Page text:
The Department of Defense has no more important responsibility than supporting and protecting those who defend our country and that means we must do everything possible to prevent military suicide. As we observe Suicide Prevention Month, the entire DoD community Service members, civilians, members of our families and leaders at every level must demonstrate our collective resolve to prevent suicide, to promote greater knowledge of its causes and to encourage those in need to seek support. No one who serves this country in uniform should ever feel they have nowhere to turn.

           The Department of Defense has invested more than $100 million into research on the diagnosis and treatment of depression, bipolar disorder and substance abuse, as well as interventions for relationship, financial and legal issues all of which can be associated with suicide. We are working to reduce drug and alcohol abuse and we are steadily increasing the number of mental health professionals and peer support counselors. Effective suicide prevention training is critical to all these efforts and we are instructing our leaders on how to recognize the signs and symptoms of crisis and encourage service members to seek support. We are also reaching out to military families and the broader community to enlist their support in this cause.

           Seeking behavioral health care is a choice that embodies moral courage, honor and integrity. Those values are at the foundation of what that we stand for and what we defend. The Military Crisis Line is there for all who need it. I encourage anyone in need to call 1-800-273-8255 and press one to speak to a trained professional, 24 hours a day, 365 days a year. This service is confidential and available to all service members and their families.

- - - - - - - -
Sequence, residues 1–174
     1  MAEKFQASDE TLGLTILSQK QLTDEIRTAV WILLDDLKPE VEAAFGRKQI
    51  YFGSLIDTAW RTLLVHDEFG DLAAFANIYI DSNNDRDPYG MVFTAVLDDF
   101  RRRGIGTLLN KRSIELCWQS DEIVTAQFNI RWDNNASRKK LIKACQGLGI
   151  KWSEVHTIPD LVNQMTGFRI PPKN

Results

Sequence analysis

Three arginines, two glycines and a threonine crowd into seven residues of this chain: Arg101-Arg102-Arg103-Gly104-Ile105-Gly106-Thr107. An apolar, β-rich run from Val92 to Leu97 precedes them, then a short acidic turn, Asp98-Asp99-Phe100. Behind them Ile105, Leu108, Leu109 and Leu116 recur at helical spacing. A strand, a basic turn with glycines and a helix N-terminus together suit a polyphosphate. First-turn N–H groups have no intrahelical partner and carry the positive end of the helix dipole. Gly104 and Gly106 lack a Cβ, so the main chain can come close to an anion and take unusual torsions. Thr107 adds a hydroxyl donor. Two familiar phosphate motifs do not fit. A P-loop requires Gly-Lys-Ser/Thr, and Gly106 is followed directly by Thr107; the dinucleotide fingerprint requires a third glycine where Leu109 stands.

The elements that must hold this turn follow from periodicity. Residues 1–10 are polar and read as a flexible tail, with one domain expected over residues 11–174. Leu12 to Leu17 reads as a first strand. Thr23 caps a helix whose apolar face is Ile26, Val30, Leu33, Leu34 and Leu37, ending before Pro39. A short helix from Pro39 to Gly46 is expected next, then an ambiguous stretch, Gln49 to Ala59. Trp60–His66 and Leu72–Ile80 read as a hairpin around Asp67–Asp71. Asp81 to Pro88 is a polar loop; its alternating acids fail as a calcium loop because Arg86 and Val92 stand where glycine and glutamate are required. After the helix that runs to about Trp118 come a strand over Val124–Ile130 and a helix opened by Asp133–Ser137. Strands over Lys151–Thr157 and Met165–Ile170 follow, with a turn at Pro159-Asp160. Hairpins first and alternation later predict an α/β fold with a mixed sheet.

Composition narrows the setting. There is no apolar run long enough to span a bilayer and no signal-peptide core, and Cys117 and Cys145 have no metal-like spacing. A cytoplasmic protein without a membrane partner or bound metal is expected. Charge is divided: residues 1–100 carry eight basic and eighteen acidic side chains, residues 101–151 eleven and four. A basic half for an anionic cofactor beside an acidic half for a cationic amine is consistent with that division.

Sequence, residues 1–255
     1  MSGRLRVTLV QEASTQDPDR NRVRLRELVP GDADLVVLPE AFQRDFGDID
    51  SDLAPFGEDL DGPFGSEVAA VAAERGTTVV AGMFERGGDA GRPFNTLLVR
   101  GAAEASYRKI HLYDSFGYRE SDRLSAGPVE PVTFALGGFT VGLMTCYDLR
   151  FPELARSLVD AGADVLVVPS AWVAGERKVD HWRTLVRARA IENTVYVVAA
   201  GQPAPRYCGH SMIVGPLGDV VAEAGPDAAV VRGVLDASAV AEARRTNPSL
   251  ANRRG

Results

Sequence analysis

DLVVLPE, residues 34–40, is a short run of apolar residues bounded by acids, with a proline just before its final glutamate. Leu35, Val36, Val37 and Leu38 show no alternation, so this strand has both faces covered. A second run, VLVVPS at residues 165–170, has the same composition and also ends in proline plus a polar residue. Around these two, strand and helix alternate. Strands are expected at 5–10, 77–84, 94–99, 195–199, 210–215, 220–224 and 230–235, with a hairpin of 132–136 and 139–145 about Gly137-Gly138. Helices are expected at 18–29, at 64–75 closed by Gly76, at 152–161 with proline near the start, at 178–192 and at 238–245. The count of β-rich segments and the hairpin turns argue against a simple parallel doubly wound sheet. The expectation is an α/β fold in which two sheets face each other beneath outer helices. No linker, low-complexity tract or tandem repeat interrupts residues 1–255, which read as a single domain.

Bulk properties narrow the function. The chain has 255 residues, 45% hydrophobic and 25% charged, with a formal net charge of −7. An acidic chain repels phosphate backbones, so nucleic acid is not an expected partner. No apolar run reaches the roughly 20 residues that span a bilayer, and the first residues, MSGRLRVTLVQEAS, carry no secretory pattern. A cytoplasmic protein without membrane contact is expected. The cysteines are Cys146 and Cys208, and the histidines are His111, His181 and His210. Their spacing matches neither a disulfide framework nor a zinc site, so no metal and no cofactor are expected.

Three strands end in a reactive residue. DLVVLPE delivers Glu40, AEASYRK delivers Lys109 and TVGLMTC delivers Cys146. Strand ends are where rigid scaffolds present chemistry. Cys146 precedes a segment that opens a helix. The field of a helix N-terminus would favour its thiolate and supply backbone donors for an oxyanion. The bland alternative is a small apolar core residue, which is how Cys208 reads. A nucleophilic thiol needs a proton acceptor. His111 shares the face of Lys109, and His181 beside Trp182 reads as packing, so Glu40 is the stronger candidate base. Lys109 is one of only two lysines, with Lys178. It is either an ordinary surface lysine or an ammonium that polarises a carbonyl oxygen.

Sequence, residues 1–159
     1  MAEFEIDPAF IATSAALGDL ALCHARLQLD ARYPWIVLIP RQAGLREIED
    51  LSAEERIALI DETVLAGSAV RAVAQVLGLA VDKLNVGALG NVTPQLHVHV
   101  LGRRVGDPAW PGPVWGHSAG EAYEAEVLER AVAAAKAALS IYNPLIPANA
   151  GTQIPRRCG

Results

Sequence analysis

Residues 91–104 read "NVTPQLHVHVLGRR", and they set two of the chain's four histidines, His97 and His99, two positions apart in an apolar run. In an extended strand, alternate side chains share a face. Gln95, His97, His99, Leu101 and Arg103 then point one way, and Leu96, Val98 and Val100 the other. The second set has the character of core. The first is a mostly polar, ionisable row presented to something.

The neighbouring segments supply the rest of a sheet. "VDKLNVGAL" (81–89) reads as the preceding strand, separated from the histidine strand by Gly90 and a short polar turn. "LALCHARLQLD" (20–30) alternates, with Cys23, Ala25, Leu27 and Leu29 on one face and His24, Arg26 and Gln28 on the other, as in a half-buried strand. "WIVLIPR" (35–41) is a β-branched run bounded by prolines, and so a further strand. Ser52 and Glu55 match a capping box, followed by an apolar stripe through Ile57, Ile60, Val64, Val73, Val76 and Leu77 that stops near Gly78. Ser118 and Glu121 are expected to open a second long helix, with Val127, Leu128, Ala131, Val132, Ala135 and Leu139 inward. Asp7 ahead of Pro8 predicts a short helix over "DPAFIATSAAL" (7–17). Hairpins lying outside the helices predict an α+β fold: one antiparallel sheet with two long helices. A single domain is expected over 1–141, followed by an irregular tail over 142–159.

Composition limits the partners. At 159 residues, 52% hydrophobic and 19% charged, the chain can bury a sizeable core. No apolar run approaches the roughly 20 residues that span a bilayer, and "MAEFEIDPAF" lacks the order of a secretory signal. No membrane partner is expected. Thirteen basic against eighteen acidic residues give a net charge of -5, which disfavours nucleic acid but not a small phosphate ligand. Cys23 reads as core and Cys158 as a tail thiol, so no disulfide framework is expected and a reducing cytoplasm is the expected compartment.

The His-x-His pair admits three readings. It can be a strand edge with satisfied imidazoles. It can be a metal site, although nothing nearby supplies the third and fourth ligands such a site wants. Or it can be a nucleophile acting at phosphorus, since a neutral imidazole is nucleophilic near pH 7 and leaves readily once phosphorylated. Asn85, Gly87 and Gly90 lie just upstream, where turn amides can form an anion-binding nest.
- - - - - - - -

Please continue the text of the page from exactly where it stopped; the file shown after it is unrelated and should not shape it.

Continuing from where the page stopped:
Always remember that our most valuable resource is each other. When one of us faces a challenge, we all must stand together. By fighting as one team, we can and we will help prevent suicide. Thank you.

DOD Announces Recruiting and Retention Numbers for Fiscal 2013 Through May 2013

English: Air Force Reserve Command HQ, Robins ...

English: Air Force Reserve Command HQ, Robins AFB, Georgia (Photo credit: Wikipedia)

The Department of Defense announced today recruiting and retention statistics for the active and reserve components for fiscal 2013, through May.

             Active Component.

             Recruiting.  All four active services met or exceeded their numerical accession goals for fiscal 2013, through May.

                          Army — 45,947 accessions, with a goal of 45,435; 101 percent

                          Navy — 24,344 accessions, with a goal of 24,344; 100 percent

                          Marine Corps — 17,214 accessions, with a goal of 17,174; 100 percent

                          Air Force — 18,695 accessions, with a goal of 18,695; 100 percent

            Retention.  The Army, Air Force, and Marine Corps exhibited strong retention numbers for the eighth month of fiscal 2013.  The Navy exhibited strong retention numbers in the mid-career and career categories; however, the Navy’s achievement of 90 percent in the initial category relates to reduced accessions from four to six years ago.

            Reserve Component.

            Recruiting.  Five of the six reserve components met or exceeded their fiscal-year-to-date 2013 numerical accession goals.  While the Army Reserve met its May 2013 goals, it remains 1,662 accessions short of its fiscal goal.

                          Army National Guard — 34,034 accessions, with a goal of 33,266; 102 percent

                          Army Reserve — 17,815 accessions, with a goal of 19,477; 91 percent

                          Navy Reserve — 3,594 accessions, with a goal of 3,594; 100 percent

                          Marine Corps Reserve — 5,804 accessions, with a goal of 5,766; 101 percent

                          Air National Guard — 6,732 accessions, with a goal of 6,732; 100 percent

                          Air Force Reserve — 4,856 accessions, with a goal of 4,439; 109 percent

            Attrition— All reserve components have met their attrition goals.  Current trends are expected to continue.  (This indicator lags due to data availability.)